17in LeBlond Regal help

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Aug 20, 2012
I inherited a 1943 WWII LeBlond Regal 17in lathe (serial # D6856). It looks like it’s had a hard life, but its built like a tank and still turns straight and true. I’ve used it a few times, but nothing complex.

When I got it there was a cheap 110v motors mounted to plywood powering it. I’ve installed a 220v motor and wired it to run both directions with the drum switch.

How crazy can I get cleaning this thing? I looks like it hasn’t been cleaned in 30 years. I’m thinking about removing the headstock, carriage, leadscrew, and legs from the bed and cleaning them in sections. Is that a bad idea? Would the headstock need to be aligned with the bed again? Not looking to do that if so.

I have some gear movement inside the headstock, and I’m not sure if it’s normal. I’ve never noticed this while operating the lathe normally. I’m fabricating a belt guard for the lathe. I placed a bar sideways in the chuck to remove the nut holding the hand wheel and pulley. When I did this there was some play between the hand wheel and chuck. So I removed the inspection cover to take a look. It looks like the A-B gear selection handle has some play.

Video of the gear movement:

Where can I get replacement parts? I have 1 gear totally stripped and its mate has a few chips. I would also like to get all new seals, this thing leaks out the top inspection cover after running, and its 70 years old now. I’d like to get an exploded diagram with part numbers so I can order service parts.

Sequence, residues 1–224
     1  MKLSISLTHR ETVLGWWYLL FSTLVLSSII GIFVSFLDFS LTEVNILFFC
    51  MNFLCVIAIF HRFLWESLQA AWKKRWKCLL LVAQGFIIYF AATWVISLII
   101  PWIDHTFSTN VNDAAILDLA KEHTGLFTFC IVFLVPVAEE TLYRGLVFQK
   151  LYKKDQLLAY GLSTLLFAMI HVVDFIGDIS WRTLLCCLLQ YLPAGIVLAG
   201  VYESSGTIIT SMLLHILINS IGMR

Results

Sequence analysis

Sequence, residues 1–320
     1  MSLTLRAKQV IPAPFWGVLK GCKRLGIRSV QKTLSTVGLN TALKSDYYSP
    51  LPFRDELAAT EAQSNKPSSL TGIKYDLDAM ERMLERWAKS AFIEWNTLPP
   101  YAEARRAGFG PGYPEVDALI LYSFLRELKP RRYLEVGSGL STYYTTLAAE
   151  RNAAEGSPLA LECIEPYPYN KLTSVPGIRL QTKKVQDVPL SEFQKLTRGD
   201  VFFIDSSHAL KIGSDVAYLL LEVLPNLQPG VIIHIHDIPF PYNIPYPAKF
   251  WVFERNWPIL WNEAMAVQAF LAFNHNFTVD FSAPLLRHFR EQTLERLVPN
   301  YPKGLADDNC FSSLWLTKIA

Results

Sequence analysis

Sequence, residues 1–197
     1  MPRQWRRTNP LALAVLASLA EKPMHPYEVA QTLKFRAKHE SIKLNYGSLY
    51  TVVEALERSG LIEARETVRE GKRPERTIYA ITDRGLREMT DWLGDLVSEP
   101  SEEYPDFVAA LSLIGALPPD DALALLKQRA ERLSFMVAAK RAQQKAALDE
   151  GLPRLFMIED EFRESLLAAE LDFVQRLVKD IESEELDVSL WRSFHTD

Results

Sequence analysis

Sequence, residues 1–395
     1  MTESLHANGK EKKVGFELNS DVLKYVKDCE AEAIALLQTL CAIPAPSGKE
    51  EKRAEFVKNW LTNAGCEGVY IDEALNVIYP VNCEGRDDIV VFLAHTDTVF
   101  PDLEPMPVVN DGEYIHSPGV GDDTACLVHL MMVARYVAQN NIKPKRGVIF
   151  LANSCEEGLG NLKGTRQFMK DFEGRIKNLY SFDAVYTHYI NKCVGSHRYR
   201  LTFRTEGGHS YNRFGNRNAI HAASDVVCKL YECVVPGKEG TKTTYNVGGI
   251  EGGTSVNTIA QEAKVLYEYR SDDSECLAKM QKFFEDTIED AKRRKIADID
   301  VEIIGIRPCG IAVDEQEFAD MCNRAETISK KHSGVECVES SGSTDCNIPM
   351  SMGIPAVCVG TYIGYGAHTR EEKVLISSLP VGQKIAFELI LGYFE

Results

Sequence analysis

Large picture of the broken gear: http://fireguy50.com/private/lathe-broken-gear.jpg

Tom Griffin

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That looks like it would make a fun restoration project. I would definitely disassemble as much as possible to make it easier to handle. The headstock probably sits on the ways so there probably won't be any alignment required. Even it it doesn't, realigning it would be as simple as indicating a test bar in the spindle.

The damaged gear will likely be a problem. I know Plaza Machinery has lots of old lathe parts but the chance of them having that specific part are probably pretty slim. You may have to invest in a gear cutter and make one yourself, or buy a standard off the shelf gear and modify it to fit. You should be able to make a new gear, turn down the damaged shaft and press fit the new gear using a key to keep it from rotating.

If you decide to restore it, be sure to take pics. We would love to see the progress.


Tony Wells

Jan 22, 2011
We did have a LeBlond factory service guy among us, although I haven't seen him post lately. Maybe he'll chime in.
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